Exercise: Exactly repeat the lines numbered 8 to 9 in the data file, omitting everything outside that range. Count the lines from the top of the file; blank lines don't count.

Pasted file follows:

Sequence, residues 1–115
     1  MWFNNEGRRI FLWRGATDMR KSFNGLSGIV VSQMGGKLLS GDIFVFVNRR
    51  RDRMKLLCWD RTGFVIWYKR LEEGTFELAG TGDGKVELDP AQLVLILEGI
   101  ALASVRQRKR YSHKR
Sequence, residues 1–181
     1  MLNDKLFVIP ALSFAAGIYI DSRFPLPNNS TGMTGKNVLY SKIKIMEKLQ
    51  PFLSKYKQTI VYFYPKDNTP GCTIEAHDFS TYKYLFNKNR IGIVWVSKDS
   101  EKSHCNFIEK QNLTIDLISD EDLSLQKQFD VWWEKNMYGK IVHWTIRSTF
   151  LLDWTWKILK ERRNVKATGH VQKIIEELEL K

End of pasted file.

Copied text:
   101  EKSHCNFIEK QNLTIDLISD EDLSLQKQFD VWWEKNMYGK IVHWTIRSTF
   151  LLDWTWKILK ERRNVKATGH VQKIIEELEL K